Among the many problems facing President-elect Biden and his incoming administration is whether to pursue the investigation and possible prosecution of President Trump and aides for federal offenses. Trump has hinted at a possible solution: The issuance of pardons for past, ongoing and even prospective wrongdoing by his associates, family members – and even himself.
Issuing such pardons would establish a troubling precedent for future presidents or other wayward leaders, including governors, who wield similar authority. That’s less likely to be a problem in Minnesota, where a three-person board made up of the governor, the attorney general and chief justice of the state Supreme Court make such determinations under narrow guidelines set by state law.
At the federal level, the U.S. Constitution gives the president broad power. The sole restrictions are that it applies only to federal wrongdoing and not to violations of state or local laws, and it expressly does not extend to impeachment.
Otherwise, the pardon power is virtually unrestricted. It has been exercised under varied circumstances by presidents through the years, some 20,000 times in the last century alone. President Obama was the pardoner-in-chief; he exercised his power to pardon, or grant clemency or related relief 1,715 times, more than the combined total of his five immediate predecessors. That still is a far cry from the 3,687 issued by President Franklin Roosevelt during his 12-plus years in office.
Despite some high profile and controversial pardons, such as those of former Maricopa County Sheriff Joe Arpaio, conservative commentator Dinesh D’Souza and publishing magnate Conrad Black, President Trump has exercised the power sparingly, only 44 times so far. Trump also commuted the sentence of political operative Roger Stone and former Illinois Gov. Rod Blagojevich.
One troublesome feature of the projected Trump pardons is that some of them might be prospective, unlike the conventional situations in which pardons are granted, or clemency exercised, after criminal charges have been brought or convictions obtained. Some of those who have been the subjects of such speculation, including the president himself, have not been charged with any offenses, let along convicted.
But that’s not actually a bar to prospective pardons. In a case more than 150 years ago involving a Confederate politician, the U.S. Supreme Court held that the presidential pardon power may be exercised before any charges are pending. Minnesota is different. It restricts pardons to convicted offenses.
The most notable federal example was President Ford’s pardon of President Nixon within a month after Nixon resigned. It pertained to offenses for which the former president had not been criminally charged or convicted.
But the post-Civil War case contains an important limitation on potential pardons bandied about by the White House. The High Court there noted that a pardon may be issued for an offense “after its commission,” but before charges are brought. This suggests that a blanket pardon could only extend to prior misbehavior, not conduct not yet occurring.
The prospect of the president pardoning himself has been advanced by Trump acolytes like Rudy Giuliani, who has changed his position so many times it’s difficult to guess what the Trump team’s current thinking actually is.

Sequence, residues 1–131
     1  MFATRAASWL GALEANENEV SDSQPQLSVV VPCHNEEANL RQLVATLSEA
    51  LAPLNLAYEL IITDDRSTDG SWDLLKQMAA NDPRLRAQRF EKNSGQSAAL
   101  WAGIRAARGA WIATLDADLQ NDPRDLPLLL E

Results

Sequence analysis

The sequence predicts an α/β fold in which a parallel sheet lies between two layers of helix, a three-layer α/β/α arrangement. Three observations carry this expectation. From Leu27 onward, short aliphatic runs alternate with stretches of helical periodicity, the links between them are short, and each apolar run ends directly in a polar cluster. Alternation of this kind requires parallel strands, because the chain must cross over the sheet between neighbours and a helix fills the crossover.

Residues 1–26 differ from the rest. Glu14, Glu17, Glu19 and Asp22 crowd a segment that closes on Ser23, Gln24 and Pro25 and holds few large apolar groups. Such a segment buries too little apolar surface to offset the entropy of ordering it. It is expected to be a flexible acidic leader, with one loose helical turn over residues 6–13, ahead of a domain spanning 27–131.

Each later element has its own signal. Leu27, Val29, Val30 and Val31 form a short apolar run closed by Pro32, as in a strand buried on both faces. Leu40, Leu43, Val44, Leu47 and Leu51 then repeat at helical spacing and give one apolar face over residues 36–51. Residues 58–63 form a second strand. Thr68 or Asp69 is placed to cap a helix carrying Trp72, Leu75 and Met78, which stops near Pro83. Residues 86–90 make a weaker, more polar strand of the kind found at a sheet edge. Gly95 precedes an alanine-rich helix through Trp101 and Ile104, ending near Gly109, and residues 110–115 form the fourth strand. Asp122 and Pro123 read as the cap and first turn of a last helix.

The president has asserted – by tweet – that he has “the absolute right to pardon myself,” a view at odds with many legal experts, including Harvard Law School’s Lawrence Tribe.
A Trump self-pardon also would conflict with the position taken by the Justice Department’s Office of Legal Counsel (OLC), which opined just three days before Nixon’s resignation that such an action would be invalid because “the president cannot pardon himself.”
A Pence Pardon?
While lawyers and scholars debate whether a president can pardon himself, another device has been suggested: That the president step down ala Nixon, elevating Vice President Pence, who would then pardon the former president. That device might work, but it would create a political stench that could be hard to cleanse.
But regardless of President Trump pardoning himself or arranging it to be done by his underling, there is no dispute that pardons can be issued to family members and supporters of the chief executive. Indeed, Abraham Lincoln, to whom Trump has compared himself, issued one to his wife Mary’s sister, a widow of a Confederate general.
Here is one more troubling wrinkle to the problem: The reasoning underlying such actions could permit future presidents, upon their inauguration, to issue themselves and their acolytes a free pass for any offenses they might commit in the next four years, or thereafter. It would undermine the concept of a nation of laws, not of men and women. That’s reminiscent of what’s going on right now in Russia, where parliament is advancing a bill that would shield President Vladimir Putin and his family from prosecution after Putin leaves office.
A leader taking the law into his own hands, literally and figuratively, is not unprecedented. In 1802, Napoleon Bonaparte grabbed the crown at a ceremony with the pope and crowned himself emperor of France, preceding by a few years his forlorn invasion of Russia, which precipitated his ouster after the Battle of Waterloo.
Trump, as he famously explained in justifying his firing early in his term of FBI Director James Comey, had his “this Russia thing” hovering over his tenure. Pardoning himself could be the crowning blow in his tainting of the presidency.
Marshall H. Tanick is a constitutional law attorney with the Twin Cities law firm of Meyer Njus Tanick.
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